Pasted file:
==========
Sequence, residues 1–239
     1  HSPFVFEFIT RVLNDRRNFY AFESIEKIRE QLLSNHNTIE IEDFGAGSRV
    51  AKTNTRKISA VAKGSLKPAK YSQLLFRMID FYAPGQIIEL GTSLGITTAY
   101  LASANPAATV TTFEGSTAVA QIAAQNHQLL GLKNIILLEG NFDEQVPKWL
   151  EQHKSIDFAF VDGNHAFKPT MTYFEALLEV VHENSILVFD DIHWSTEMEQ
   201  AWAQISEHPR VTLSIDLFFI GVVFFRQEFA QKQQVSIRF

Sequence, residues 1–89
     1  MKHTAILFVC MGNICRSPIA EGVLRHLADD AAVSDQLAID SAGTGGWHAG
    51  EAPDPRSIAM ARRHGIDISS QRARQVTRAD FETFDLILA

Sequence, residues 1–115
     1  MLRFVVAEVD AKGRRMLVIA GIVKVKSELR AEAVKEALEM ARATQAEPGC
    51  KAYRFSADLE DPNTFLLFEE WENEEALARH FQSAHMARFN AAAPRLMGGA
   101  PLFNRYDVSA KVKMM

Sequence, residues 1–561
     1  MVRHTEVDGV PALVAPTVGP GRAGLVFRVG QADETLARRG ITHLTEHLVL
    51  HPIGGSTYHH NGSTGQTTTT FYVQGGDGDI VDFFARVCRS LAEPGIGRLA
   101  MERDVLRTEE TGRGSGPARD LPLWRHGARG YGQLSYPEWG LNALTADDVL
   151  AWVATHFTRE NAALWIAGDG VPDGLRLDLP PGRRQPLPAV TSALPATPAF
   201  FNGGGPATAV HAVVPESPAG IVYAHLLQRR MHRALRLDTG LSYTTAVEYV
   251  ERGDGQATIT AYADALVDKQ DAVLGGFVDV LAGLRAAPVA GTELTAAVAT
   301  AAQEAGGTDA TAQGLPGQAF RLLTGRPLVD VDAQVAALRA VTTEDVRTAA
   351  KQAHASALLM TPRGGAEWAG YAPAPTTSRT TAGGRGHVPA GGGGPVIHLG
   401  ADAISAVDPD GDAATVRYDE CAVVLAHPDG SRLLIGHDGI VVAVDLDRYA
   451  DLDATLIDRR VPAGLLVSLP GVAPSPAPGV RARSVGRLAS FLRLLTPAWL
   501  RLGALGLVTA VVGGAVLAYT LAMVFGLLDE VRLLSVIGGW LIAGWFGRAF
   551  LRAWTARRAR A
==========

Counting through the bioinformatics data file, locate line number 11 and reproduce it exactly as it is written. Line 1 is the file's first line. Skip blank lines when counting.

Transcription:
     1  MLRFVVAEVD AKGRRMLVIA GIVKVKSELR AEAVKEALEM ARATQAEPGC